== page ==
All it takes is one lyric or a deep bump in the road. All it takes is one message that says, “Sent from Kampala, Uganda” to take me there. In an instant my heart and mind are together in Uganda, smelling it’s uniqueness. I’m there at the guesthouse archway breathing in raindrops and twirling my wavy hair. I’m there handing my cup of instant black coffee to a godly man. I’m there, hearing the songs of the children and the unity of the church. I’m still, somehow, there… praying for God to fill the gaping holes in my life, to give me a gentle spirit instead of one that responds in such bitterness, and leading crafts with an interpreter to kids that don’t know my language or how to use a glue stick. But kids that are so dear to me and to God’s heart that I could burst at the seems – either from my splitting headache from being uncomfortable or from my overflowing love.
If you’ve been my friend for any period of time, you know I talk about my travels more than the average person. But here’s the thing: when diversity and unity in the body of Christ come together under one roof, you should never stop talking about it. When the Holy Spirit reveals Himself to you in new ways, with new people, or the same way every single day – your life should speak of those volumes.
That’s why I write.
That’s why I step out of my comfort zone, even when I feel like God might have to physically drag me out there.
It’s about sharing manifestations of Christ in my life. Sometimes it’s in Kansas. Sometimes it’s in memories of kudzu or polar bears or one of my ten – yes, ten – childhood bedrooms. Sometimes it’s in Africa, South America, or landing in Miami, Florida. It’s between the lines.
We’re meant to be totally present. But the Israelites? They sinned and turned their back on God because they forgot how closely He revealed themselves to Him. Over and over and over again. I believe that the reason they turned their back on God was not because they were blasphemous – maybe some of them were – but it was because they forgot how faithful – and good – there God was. Is.
And the people of Israel did what was evil in the sight of the LORD. They forgot the LORD their God and served the Baals and the Asheroth. -Judges 2:7
They whored after other gods. They forgot.
So, friends – be present enough today that you are continually listening for new words and urges from the Holy Spirit.
But be mindful enough to know that if you don’t look back at the good or the ugly in your past, you may begin to whore after your own gods.
Don’t waste your attention on lesser loves. Don’t be afraid to let silence in, to be emptied, and to be filled.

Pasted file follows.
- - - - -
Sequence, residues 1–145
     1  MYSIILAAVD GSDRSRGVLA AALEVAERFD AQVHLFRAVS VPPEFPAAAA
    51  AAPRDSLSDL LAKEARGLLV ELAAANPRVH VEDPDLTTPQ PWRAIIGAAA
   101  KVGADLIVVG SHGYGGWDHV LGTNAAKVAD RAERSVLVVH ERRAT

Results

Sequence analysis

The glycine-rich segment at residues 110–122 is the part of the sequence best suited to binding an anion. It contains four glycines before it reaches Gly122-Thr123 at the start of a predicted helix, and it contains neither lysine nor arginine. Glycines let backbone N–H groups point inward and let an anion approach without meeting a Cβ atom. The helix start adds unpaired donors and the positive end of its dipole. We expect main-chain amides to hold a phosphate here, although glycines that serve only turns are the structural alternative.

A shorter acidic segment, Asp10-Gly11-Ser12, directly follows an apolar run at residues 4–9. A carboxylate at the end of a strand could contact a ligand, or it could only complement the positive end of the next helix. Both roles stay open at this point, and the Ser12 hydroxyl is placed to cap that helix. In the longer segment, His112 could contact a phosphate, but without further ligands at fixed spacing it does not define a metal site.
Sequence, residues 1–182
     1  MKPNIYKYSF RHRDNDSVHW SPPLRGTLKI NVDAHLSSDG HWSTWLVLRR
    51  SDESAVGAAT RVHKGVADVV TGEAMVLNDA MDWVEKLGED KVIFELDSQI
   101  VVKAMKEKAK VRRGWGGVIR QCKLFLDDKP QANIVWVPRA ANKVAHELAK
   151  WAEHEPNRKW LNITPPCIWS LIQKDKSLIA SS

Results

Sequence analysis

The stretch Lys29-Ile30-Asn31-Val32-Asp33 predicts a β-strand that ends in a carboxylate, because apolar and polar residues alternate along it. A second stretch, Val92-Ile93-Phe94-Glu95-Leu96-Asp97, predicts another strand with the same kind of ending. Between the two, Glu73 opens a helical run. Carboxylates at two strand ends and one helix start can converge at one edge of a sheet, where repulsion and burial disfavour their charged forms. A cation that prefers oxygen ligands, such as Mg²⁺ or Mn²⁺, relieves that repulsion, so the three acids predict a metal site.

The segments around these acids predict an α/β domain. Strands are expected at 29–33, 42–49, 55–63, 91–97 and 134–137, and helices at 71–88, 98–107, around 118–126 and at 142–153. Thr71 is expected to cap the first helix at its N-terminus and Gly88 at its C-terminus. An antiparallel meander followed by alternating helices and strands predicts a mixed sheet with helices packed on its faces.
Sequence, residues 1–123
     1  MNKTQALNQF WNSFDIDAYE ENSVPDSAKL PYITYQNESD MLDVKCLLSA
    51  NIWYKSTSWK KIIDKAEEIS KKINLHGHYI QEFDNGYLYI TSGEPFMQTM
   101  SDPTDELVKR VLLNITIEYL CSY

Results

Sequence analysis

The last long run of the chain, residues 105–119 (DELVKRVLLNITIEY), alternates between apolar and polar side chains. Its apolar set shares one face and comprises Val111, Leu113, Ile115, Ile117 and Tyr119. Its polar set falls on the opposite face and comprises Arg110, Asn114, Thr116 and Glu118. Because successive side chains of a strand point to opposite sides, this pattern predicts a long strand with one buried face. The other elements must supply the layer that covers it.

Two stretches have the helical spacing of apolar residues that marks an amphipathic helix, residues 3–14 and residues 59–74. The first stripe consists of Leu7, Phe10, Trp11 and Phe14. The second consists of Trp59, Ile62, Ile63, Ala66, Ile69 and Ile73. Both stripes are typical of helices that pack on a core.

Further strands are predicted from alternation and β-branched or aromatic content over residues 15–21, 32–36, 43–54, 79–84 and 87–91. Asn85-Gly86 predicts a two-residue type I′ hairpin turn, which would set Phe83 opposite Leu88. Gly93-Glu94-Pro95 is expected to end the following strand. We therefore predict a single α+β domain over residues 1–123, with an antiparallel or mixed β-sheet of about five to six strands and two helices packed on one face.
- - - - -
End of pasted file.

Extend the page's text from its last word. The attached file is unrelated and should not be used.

Be right where you are, but don’t stop looking there. Where has God met you? Thirty years ago, a decade ago, six months ago, and yesterday. Don’t lose sight of where He’s touched you most intimately like a Groom and convicted you most like a Father. That’s the only way we can keep the joy of our salvation.
So tonight I’m remembering orange muddy flip flops, dark latrines with countless crawling bugs, and deep Ugandan accents. I’m remembering learning to sob silently in Ecuador next to a candle-lit dinner, a library in Tennessee that allowed me to read books that changed my life, an orange folder full of Scriptures given to a stranger, and moving out of a town that is named the definition of loneliness in my life dictionary. I’m remembering sledding on tiny town hills when I still didn’t know how to pronounce my R’s, watching the stars after chapel at summer camp, and what it first felt like to weep over a handsome guy all night long. I’m remembering those days when I felt like I belonged when I went to public school basketball games and drama on That’s So Raven was the plot twist of my day. I’m remembering feeling heavy spiritual warfare in gazes from men that are hungry for something much more fulfilling than what they think they’re looking for in a group of young girls. I’m remembering fearing for my life during turbulence in every flight, not being able to let go of my seat, but then seeing the ocean for the first time or listening to music that soothed my dread. I’m remembering bright operating rooms with masses of interns chatting about romantic comedies, mean surgeons, and cute anesthesiologists.
I’m doing my best to use these stories to apply nuggets of truth to the here and now – the Tuesday afternoon Bible study, the late night messaging, and the tough Sunday morning greetings. I’m scraping away romantic nostalgia with a hundred sharp tools and digging to the roots. The grass isn’t greener over there, Emilee. But what was God sent in that season and what thoughts needed to be forbidden? How can I look back at yesterday’s failure and see present victory? How can I look at yesterday’s goodness and not look sparingly at what I could learn in today’s desert? I’m doing my best to remember the people between every line, complicated layer, and long story. Because I don’t want to ever forget the grace that God has given in those dark, tiny, and abundant places – all these places that rid me of ever saying that I have one hometown – because I consider them all home.